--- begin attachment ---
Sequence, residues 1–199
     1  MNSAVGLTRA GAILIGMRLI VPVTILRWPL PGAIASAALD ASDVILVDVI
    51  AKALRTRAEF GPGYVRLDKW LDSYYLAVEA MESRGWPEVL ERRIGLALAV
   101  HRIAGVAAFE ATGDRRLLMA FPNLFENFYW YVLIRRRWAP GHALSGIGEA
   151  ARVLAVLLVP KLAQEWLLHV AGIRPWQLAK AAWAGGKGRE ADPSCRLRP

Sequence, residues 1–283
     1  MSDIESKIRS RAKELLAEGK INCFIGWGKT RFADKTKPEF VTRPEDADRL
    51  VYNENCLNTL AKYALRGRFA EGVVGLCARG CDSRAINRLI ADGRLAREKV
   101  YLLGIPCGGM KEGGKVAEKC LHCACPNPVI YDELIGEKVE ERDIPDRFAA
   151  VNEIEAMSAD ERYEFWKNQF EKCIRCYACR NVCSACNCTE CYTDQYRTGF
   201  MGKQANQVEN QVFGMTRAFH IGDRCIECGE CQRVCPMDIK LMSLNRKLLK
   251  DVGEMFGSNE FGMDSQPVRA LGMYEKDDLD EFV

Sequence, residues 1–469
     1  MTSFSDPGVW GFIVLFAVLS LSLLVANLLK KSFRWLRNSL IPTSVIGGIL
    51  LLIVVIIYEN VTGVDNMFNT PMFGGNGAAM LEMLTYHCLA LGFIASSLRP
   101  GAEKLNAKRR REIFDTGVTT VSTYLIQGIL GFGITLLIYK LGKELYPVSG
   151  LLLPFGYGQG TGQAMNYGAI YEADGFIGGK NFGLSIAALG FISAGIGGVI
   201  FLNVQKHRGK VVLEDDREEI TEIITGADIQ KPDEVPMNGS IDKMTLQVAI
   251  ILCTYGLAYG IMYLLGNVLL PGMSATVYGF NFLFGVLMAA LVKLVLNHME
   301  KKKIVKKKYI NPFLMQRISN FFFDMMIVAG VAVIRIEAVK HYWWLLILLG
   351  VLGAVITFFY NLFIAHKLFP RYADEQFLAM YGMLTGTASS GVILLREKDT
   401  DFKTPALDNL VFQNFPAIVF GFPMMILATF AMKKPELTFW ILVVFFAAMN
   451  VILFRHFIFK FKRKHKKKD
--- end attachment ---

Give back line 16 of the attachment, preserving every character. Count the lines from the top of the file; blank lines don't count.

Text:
   101  GAEKLNAKRR REIFDTGVTT VSTYLIQGIL GFGITLLIYK LGKELYPVSG